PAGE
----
vt = value per square meter of land determined in the Property Value Map and,
CAb = basic FAR.
The planning factor (Fp) is an instrument that seeks to encourage or discourage higher densities in certain areas of the city depending on the existing infrastructure, especially transportation and transit. Or it seeks to obtain greater financial compensation from the sale of building rights for businesses in improved areas of the city. The planning factor also varies according to land use. For residential use, the variation is between 0.6 and 1.2: the maximum (1.2) is achieved in the District of Moema, Alto de Pinheiros and Perdizes, among others, and the minimum (0.6) in Brasilandia, Cachoeirinha and Mandaqui.
In the case of nonresidential use, the variation is between 0.3 and 1.4, with 0.7 being predominant. In Itaim Bibi it reaches the maximum and minimum occurs in Districts located in the extreme east and north of the city.
The social interest factor (Fs) establishes exemptions or reductions depending on the type of activity that will be developed. Social housing, educational, health and cultural institutions, and sports and leisure activities are subject to the social interest factor incentive. The coefficient ranges from 0 (zero) to 1 (one).
For social housing the coefficient is 0 (zero), which means that developers of social housing do not pay compensations for development concessions. For housing intended for the popular market (up to 50 m2 and 70 m2) the coefficients are 0.5 and 0.9 depending of the size of the dwellings to be built. For housing measuring more than 70 m2 per unit, the coefficient is 1 (one). Hospitals, schools, health clinics and infant care, public culture, sports and leisure institutions and houses of worship (nonprofit) have a coefficient of 0 (zero). For hospitals and clinics, universities, schools, daycare centers, and cultural facilities with nonprofit sponsors the coefficient is 0.3. The coefficient is 0.7 for hospitals, universities, schools, and cultural facilities with other sponsors.
As we can see, the smaller Fp and Fs are, the smaller the compensations to be paid and the greater the incentive for projects to be developed in these areas. For example, in the District of Arthur Alvim, a region on the outskirts of São Paulo, the Fs coefficient is 0.30 for nonresidential use, and in Itaim Bibi, one of the most expensive areas in the city, the coefficient is 1.40 for the same purpose. For residential use, Fp is equal to 0.60 in Arthur Alvim, while in Alto de Pinheiros (also a high priced region) it is double that, or 1.20.
A Sample Financial Compensation Calculation
Let’s see what would be the financial compensation for projects on land located in these different Districts:
Suppose there are two properties, one located in Arthur Alvim and another in Itaim Bibi for non-residential use, both measuring 400 m2. The m2 value (City Property Value Map) equals R$ 500 in Arthur Alvin and R$ 2000 in Itaim Bibi where the basic FAR is 1.0. The projects to be built on each of these two plots require CA 3. The situation that ensues is the following:
Arthur Alvim Cf = 0.30 x 1.0 x 500 / 1 = R$ 150.00 per additional m2. Since the contractor needs 1200 m2 (or CA 3) of area and not the 400 provided by CAb, he will have to pay the difference of 1200 m2 – 400 m2 = 800 m2 multiplied by R$ 150 per m2. The financial compensation payable to the government will be 800 x 150 = R$ 120,000.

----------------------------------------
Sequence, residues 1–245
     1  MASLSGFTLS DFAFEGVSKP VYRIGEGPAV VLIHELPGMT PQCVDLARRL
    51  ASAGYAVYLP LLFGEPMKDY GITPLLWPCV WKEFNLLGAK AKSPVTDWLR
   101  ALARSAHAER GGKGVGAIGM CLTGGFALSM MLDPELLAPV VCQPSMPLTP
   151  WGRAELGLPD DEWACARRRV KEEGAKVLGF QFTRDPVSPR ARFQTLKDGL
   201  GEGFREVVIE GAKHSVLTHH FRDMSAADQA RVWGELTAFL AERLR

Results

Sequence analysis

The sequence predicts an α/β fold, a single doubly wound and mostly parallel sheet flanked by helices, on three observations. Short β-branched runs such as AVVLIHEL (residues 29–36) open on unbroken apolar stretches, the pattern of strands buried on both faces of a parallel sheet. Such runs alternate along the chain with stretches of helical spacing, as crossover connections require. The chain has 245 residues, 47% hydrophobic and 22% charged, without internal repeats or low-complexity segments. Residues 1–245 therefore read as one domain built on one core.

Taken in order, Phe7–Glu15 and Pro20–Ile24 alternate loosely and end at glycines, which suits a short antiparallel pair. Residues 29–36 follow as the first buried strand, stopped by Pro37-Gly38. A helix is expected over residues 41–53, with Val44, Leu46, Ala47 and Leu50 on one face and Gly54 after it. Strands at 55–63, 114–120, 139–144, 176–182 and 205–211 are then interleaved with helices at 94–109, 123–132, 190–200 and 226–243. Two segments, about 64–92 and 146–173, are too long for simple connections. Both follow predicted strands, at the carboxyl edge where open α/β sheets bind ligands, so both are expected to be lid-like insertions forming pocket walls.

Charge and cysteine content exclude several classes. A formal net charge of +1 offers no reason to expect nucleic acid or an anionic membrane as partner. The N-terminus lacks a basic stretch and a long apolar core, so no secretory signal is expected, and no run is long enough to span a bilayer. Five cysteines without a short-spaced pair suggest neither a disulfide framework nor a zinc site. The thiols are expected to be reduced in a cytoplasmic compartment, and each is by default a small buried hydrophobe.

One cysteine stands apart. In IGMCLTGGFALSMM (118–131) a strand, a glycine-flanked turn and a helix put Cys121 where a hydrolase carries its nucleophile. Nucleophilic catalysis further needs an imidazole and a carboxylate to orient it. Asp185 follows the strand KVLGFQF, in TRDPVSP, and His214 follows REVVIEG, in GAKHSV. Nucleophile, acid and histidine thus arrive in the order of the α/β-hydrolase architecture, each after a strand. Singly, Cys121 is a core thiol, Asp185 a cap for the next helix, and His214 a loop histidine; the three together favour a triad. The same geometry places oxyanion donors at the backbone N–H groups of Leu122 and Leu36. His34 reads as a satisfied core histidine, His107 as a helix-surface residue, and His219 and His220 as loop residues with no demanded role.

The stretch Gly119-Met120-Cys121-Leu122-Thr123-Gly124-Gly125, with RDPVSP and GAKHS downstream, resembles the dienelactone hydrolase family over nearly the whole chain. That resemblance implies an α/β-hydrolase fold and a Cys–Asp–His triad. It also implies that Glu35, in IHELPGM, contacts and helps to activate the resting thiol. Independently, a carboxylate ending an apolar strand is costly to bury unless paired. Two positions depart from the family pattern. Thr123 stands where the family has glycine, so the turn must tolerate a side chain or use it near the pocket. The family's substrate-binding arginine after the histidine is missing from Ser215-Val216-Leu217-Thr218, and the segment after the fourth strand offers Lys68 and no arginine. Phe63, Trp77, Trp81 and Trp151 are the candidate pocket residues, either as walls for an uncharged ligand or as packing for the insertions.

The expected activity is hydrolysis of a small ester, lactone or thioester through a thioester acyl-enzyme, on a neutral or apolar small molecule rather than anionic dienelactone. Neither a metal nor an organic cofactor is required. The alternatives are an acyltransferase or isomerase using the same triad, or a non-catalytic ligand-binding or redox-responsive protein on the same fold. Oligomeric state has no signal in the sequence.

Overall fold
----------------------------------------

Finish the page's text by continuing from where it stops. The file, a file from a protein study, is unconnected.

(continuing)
Itaim Bibi Cf = 1.4 x 1.0 x 2000 / 1 = R$ 2800 per additional m2. The contractor needs to build 1,200 m2, or CA 3. Therefore, he will have to purchase the difference between CA3 and CAb which, as in the previous case, is 1,200 m2 – 400 m2 = 800 m2. Since the compensation per m2 is 2800, the total financial compensation payable to the government will be equal to 800 x 2800 = R$ 2,240,000.
Let us now consider the calculation of financial compensation for residential use.
Suppose the case of multi-family residential projects with an area greater than 70 m2 per dwelling unit and the same price difference as in the previous case but replacing Itaim Bibi with Alto de Pinheiros. We would have the following:
Arthur Alvim Cf = 0.60 x 1.0 x 500 / 1 = R$ 300 per additional m2.
If the contractor needs 1200 m2, he will have to pay the difference between 1200 (CA3) and 400 (CAb) = 800 m2. Since compensation per m2 = 300, the financial compensation payable to the government will be R$ 240,000.
Alto de Pinheiros Cf = 1.2 x 1.0 x 2000 / 1 = R$ 2,400 per additional m2. If the contractor needs an additional 800 m2 as in the previous case, he will have to pay the government a financial compensation of 800 x 2400 = R$ 1,920,000.
Revenues obtained from financial compensation for development concessions were first recorded in the city of São Paulo in 2005. The delay in revenue influx between the approval of the Master Plan in 2002 and the first payments from the development concessions had two causes. The adoption of new zoning laws was not approved until 2004 and real estate developers had stockpiled building permits approved under the previous rules that exempted them from the development concession payment. Moreover, the real estate cycle only began to recover in São Paulo in early 2005. This also may have contributed to the low collection from development concessions between 2004 and 2006.
Income from development concessions between 2005 and 2010 is shown in the table below:
Development concessions for additional building rights: revenues for the city of São Paulo between 2005 and 2010 (in R$ 1,000)
Average exchange rate: 1 US$ = 2 R$
Source: Secretaria de Finanças, Prefeitura Municipal de São Paulo.
Note that revenues increase until 2008 and stabilize in 2009. This is probably due to the crisis of 2009 when the GDP in Brazil declined 0.2 percent. But in 2010 the economic recovery resulted in an increase in revenues of almost 100 per cent, and exceeded the estimated revenue.